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Show and Tell Photo and the ‘How are you Feeling?’ campaign

2nd November 2021

Show and Tell Photo and the ‘How are you Feeling?’ campaign

AS teachers, parents and carers we are always trying to curtail the use of smartphones by our young people.

We worry about the impact of social media, that concern recently heightened by revelations confirming corporate algorithms are designed to put their profit ahead of our wellbeing.

But what if there were a way to fight back against the toxic culture of selfies? What if we could transform today’s ‘shoot and share’ habit into authentic storytelling? Is there even a way to morph our smartphones into a wellbeing tool?

Welcome to Show and Tell Photo!

But, what if there were a way to fight back against the toxic culture of selfies? What if we could transform today’s ‘shoot and share’ habit into authentic storytelling? Is there even a way to morph our smartphones into a wellbeing tool?

Show and Tell was devised in March 2020 during the first month of lockdown. It was created due to our deep concern that the nation’s young people had effectively been hidden from the world. Show and Tell Photo programme designers (The Photography Movement and CONSTANCE) have always researched mental wellbeing and we knew from the outset that lockdown would have negative consequences for many young people.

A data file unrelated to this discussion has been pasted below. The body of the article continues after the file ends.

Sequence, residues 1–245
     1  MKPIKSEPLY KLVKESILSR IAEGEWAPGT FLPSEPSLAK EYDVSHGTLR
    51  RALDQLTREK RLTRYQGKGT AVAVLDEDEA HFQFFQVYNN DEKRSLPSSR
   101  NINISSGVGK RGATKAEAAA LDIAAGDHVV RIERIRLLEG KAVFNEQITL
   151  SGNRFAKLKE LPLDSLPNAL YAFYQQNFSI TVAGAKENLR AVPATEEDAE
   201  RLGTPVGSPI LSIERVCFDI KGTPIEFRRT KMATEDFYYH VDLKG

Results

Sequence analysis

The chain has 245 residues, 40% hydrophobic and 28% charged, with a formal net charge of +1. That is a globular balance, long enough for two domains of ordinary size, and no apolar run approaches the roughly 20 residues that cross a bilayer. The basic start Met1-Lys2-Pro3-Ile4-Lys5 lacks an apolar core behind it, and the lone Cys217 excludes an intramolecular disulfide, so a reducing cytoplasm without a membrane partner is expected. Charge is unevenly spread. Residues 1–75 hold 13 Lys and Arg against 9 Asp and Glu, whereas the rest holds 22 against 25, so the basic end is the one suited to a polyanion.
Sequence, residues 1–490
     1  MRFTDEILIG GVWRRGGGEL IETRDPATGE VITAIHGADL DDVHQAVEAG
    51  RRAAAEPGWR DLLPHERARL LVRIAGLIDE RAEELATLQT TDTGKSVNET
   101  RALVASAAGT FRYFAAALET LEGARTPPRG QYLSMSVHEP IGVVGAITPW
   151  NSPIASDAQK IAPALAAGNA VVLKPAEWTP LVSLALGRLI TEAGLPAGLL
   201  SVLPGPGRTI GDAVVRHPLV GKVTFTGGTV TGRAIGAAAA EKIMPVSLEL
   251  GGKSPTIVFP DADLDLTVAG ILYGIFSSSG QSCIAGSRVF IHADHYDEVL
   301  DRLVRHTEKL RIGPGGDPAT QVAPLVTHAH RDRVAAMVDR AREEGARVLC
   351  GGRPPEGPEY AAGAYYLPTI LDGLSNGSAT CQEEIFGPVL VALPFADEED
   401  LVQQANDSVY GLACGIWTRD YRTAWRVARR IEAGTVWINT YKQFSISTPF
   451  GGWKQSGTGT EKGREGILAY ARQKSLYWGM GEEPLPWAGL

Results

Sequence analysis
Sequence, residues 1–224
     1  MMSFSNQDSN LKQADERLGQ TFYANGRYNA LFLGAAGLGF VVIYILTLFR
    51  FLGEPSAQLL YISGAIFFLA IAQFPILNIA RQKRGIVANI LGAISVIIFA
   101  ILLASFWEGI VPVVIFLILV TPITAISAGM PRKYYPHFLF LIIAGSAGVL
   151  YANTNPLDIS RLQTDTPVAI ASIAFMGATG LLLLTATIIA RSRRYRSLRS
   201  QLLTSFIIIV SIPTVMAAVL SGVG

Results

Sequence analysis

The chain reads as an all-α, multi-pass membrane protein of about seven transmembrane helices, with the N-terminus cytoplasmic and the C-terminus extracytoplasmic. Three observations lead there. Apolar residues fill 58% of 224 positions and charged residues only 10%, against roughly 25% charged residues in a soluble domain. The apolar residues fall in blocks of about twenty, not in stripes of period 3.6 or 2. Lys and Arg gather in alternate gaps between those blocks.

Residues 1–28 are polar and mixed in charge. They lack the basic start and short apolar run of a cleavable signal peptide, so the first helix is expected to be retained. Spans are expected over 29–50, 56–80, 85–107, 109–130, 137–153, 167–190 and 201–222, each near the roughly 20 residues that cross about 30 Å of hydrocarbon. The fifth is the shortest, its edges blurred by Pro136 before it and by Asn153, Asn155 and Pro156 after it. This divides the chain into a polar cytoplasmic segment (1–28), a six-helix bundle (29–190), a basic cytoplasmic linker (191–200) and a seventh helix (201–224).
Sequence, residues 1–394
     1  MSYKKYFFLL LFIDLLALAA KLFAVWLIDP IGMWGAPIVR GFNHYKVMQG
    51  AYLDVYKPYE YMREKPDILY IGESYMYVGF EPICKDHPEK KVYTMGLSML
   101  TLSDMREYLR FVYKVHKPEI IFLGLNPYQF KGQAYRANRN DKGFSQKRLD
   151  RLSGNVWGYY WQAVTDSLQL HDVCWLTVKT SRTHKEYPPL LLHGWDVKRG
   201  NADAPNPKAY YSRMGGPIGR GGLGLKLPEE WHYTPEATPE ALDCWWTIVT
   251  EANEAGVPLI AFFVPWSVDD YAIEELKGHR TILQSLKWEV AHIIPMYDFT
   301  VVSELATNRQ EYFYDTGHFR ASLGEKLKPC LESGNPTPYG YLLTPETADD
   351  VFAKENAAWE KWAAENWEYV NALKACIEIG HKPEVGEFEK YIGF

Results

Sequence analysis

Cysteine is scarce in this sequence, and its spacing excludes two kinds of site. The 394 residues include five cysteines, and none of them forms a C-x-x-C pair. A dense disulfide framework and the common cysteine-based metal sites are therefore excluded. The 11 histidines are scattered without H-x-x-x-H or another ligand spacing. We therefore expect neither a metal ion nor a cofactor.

We set about devising a way to reach every single 10 to 18-year-old to help them identify and then express their emotions, two steps which are so vital in cognitive therapy. From those principles our ‘How are you feeling?’ campaign, programme and exhibition was born.

Our FREE therapeutic journey is as simple and entertaining as possible: watch online workshops by superstar photographers to learn about mindful photography;  practice the workshop tips and tasks and finally use those new mindful photography skills to visualise and share your emotions for the Show and Tell ‘How are you feeling?’ exhibition finale.

We focus too on the simplest and most readily available equipment – effectively anything that can take a digital picture! The series 1 winning photo ‘Sorrow’ by 10-year-old Adnan was taken on an old computer – grainy but magnificent.

The response to the first programme and campaign truly astounded us – nearly 22,000 images were sent to the exhibition by 10-18-year-olds. 83 were curated into an online exhibition and a final 15 put on billboards around the UK for millions to see. Together their photographs and words formed an extraordinary, emotional vision of young life in lockdown. Here are three breathtaking examples:

Feeling captured: FREE by Bradley Smith, 15

Feeling captured: OVERWHELMED by Anna Barber, 16

Feeling captured: JUMBLED by Max Mistry, 18

“We really need to encourage kids to express their emotions without judgement… I was impressed by how they channelled their emotions through photography. They were so vulnerable and honest in their work. Their ability to make beautiful art out of this ugly moment reinforces how powerful art can be” – RANKIN

Our Partner